Friday, December 05, 2008


As a government investigation prepares to close and diocesan stats found over 400 men and women experiencing continued trauma after being abused by Dublin clergy over the decades, the Irish capital's Archbishop Diarmuid Martin wrote his priests in advance of the state inquiry's final report:
'This is a staggering figure and it is most certainly not final,'' Dr Martin writes.

The archbishop is to host a number of meetings to prepare priests for the fallout from the report of the Dublin Inquiry into abuse in the diocese. The inquiry is expected to finish its work at the end of January 2009 and the report may be published within weeks.

''We as priests are extremely upset and offended by what has happened through the actions of some. The good name of all priests and indeed of our priesthood is tarnished,'' he writes.

The series of meetings scheduled to take place early next month, are aimed at allowing priests the opportunity to discuss the report.

Dr Martin says that the meetings are for priests to ''reflect on how we can pastorally address the needs of those people affected by or involved in the report of the Commission.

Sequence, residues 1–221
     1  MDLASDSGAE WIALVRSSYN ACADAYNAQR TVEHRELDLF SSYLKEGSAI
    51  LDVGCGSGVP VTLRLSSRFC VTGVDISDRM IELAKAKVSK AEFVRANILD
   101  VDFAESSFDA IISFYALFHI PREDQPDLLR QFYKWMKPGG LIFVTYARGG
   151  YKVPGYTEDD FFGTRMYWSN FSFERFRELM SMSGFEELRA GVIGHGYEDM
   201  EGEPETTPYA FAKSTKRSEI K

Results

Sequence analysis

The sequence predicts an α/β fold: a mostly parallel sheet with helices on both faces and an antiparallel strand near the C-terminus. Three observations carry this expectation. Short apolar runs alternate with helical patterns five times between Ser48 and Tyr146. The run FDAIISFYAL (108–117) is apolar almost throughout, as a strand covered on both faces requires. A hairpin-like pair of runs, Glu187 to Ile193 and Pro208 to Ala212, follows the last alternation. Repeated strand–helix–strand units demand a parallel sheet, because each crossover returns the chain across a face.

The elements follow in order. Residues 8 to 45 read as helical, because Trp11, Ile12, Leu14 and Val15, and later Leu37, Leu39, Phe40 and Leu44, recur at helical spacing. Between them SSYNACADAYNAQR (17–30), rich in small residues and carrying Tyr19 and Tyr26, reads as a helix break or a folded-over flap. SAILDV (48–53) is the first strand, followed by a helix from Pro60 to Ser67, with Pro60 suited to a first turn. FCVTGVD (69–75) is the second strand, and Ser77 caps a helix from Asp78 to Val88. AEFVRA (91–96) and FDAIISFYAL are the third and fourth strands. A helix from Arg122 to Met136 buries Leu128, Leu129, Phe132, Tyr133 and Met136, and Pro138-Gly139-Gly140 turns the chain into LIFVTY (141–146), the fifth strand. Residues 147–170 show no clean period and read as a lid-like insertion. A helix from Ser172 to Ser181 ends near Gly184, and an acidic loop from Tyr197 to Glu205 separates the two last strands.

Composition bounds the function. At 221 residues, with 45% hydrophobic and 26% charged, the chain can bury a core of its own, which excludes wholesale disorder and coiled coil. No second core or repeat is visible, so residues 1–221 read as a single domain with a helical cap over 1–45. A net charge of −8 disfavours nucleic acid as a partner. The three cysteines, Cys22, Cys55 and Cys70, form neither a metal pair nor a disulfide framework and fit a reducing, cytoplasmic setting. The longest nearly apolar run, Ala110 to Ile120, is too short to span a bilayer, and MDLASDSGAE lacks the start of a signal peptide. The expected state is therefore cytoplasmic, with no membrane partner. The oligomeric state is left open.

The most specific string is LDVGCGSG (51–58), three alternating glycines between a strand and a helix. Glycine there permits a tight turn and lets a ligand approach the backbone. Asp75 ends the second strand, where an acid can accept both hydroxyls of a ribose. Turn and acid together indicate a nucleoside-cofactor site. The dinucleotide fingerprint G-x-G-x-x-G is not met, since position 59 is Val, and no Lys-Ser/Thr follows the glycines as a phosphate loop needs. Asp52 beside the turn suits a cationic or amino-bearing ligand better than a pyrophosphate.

''Suffering will be reawakened in the hearts of many by the publication of the report.

''As a diocese we have to respond with honesty, regret and courage, but also in a manner which shows Christian care and understanding,'' the archbishop adds.

The five meetings are scheduled to take place in different parts of the diocese and the archbishop will attend each meeting. ''I believe that the matter is of such significance for all of us to request that every priest will do everything possible to attend,'' he writes.
The scandals having taken an immense toll on the Irish church, in an effort to renew the million-member Dublin fold -- where, in some parts, weekly participation runs as low as 10% -- lay missionaries will visit every registered Catholic household in the archdiocese in the coming year.